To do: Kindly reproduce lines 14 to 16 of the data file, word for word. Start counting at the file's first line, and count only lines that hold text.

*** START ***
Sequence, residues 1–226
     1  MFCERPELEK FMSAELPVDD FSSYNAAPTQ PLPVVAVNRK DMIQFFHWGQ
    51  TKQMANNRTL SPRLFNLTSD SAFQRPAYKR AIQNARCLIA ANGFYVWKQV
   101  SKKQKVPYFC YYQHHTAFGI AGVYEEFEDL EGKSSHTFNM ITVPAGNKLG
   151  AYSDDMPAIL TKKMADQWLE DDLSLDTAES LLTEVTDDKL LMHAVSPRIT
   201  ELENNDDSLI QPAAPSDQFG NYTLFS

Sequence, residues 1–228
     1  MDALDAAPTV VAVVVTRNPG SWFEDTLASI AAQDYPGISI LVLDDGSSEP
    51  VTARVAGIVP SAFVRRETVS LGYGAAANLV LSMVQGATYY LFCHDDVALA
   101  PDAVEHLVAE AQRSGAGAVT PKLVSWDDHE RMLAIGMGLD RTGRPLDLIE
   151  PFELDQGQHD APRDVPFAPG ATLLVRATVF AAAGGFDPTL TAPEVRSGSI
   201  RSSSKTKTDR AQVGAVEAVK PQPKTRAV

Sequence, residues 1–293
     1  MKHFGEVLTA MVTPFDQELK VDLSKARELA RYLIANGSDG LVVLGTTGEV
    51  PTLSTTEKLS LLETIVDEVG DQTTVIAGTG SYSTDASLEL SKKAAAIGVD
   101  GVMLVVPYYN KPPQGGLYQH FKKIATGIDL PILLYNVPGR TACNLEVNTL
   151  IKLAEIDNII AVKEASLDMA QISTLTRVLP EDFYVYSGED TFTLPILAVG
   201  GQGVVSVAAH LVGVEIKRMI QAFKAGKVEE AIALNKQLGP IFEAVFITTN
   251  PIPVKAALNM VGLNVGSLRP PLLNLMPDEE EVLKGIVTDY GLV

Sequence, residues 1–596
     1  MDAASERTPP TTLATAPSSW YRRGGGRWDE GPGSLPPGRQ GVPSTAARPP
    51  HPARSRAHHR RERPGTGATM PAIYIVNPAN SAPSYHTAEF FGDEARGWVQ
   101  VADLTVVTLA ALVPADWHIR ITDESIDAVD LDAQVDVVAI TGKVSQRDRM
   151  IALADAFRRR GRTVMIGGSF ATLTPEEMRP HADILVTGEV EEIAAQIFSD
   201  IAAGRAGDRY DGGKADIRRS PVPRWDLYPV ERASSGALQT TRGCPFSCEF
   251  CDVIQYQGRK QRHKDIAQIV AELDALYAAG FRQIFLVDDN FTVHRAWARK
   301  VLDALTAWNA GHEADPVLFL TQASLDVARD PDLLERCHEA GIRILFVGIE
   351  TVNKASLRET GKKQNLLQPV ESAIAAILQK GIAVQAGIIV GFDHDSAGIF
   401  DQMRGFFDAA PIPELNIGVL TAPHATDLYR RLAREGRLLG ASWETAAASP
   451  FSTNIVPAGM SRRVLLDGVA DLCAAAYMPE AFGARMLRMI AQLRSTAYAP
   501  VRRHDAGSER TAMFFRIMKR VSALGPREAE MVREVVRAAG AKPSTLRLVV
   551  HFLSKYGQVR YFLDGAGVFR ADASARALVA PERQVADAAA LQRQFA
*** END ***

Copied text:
     1  MKHFGEVLTA MVTPFDQELK VDLSKARELA RYLIANGSDG LVVLGTTGEV
    51  PTLSTTEKLS LLETIVDEVG DQTTVIAGTG SYSTDASLEL SKKAAAIGVD
   101  GVMLVVPYYN KPPQGGLYQH FKKIATGIDL PILLYNVPGR TACNLEVNTL